Malcolm 1

Re: 3 years?

VUPEN's business is selling exploits to governments and law enforcement, so it seems unlikely that it has been kept entirely private.

10
0

Military-grade bruiser: Getac F110 rugged tablet... is no iPad

Malcolm 1

Re: Hmm Hang on.

@Tim 11 Assuming you're on Win7/Server 2008 SP1 - If you've installed the requisite update the Disk Cleanup Wizard will tidy up unnecessary update files: http://support.microsoft.com/kb/2852386

0
0

Satya Nadella: Microsoft's new man presses all the old buttons in LONG memo

Malcolm 1

Re: Couldn't agree more

I would contend that they are no more or less raving than any other game-console fan base.

9
0

BT slapped down by BSkyB over O2 broadband 'switch off' porkies

Malcolm 1

Re: Ironically....

While I also jumped ship from Be after the Sky takeover, I can't help but agree with the ASA on this one - the BT headline was clearly designed to scare existing customers into thinking their internet would be cut off and they deserved to be chastised.

10
0

Start packing your bags for a Windows Server 2003 migration

Malcolm 1

I guess this means goodbye to my Windows Home Server (v1) too. Shame - it's been fairly flawless over the years.

0
0

DOCX disaster recovery: How I rescued my wife from XM-HELL

Malcolm 1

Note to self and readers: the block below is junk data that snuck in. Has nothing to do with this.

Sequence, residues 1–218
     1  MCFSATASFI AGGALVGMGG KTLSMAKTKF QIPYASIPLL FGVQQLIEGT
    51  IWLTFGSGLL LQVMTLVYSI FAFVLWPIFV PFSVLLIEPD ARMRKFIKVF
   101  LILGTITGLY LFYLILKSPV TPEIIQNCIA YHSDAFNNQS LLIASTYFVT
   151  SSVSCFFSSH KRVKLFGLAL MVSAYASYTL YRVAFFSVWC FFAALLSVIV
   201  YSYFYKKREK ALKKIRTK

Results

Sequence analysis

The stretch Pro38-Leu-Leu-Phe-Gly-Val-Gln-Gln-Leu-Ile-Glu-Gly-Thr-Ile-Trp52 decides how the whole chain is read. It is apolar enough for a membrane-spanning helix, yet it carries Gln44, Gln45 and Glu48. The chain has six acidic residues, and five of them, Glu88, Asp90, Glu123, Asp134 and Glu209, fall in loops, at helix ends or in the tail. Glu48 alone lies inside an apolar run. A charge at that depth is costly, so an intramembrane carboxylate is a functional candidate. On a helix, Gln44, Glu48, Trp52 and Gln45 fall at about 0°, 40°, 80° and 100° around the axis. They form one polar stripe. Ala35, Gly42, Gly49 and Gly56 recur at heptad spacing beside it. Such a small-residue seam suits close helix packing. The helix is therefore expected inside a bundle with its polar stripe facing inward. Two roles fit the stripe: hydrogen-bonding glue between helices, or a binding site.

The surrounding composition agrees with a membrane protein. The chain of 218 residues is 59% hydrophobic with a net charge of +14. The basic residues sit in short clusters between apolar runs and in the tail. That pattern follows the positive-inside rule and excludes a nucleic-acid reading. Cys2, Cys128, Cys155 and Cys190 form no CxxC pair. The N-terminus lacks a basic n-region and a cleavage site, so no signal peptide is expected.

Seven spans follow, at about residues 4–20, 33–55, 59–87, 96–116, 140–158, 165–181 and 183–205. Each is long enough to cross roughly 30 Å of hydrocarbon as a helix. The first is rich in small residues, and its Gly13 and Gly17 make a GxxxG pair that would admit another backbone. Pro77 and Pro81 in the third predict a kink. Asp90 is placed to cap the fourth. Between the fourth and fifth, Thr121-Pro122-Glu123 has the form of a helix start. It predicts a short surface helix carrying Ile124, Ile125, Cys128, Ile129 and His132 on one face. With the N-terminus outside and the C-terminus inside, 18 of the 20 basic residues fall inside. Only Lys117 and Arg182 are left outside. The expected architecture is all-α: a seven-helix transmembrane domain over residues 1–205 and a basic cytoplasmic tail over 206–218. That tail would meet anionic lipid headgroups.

Re: Which is why...

How does that help? Is it somehow immune to errors?

My experience with editing RTF the hard way is that it is even less amenable to fixing than XML (not least because the tooling is far less developed).

3
1

Carry On YouView Regardless, BBC Trust tells the BBC

Malcolm 1

Its got a hard disk and a couple of tuners in there too, so not entirely comparable to a Chromecast, but £100 would probably be nearer to the mark.

1
0
Malcolm 1

YouView is a nice platform. It's a shame that it is not more widespread, seems a bit barmy to reimplement it under the auspices of FreeView connect, but I'm sure there's a good reason...

4
0

Google: Mmm. Tab-free Gmail desktop client? We won't DENY it

Malcolm 1

Re: "Desktop client"

Web 2.51 - it's a patch release.

4
0

A first-world problem solved: Panoramic selfies, thanks to Huawei's Ascend P7

Malcolm 1

We can only hope. Fortunately Huawei are demonstrating an early prototype of this Internet-with-pictures here: http://consumer.huawei.com/minisite/worldwide/Ascend-P7/

0
0

The amazing .uk domain: Less .co and loads more whalesong

Malcolm 1

Re: The colour represents self expression, new thinking, and new horizons.

Microsoft have bright primary coloured branding (indeed, many complain vociferously about their Fisher-Price colour schemes). While "muted brights" are certainly a fashionable branding trend, I disagree that MS are in any way relevant to this criticism.

1
0

Sorry London, Europe's top tech city is Munich

Malcolm 1

Re: Would their govt's migration to Linux

One would hope that rolling out an operating system for day-to-day use would be relatively research and development light. I'm assuming talking to a network printer is a solved problem these days, even in the linux world.

3
1

Windows XP still has 27 per cent market share on its deathbed

Malcolm 1

An ironic choice of insult given that XP suffered significant derision for its "Teletubby" default UI theme.

2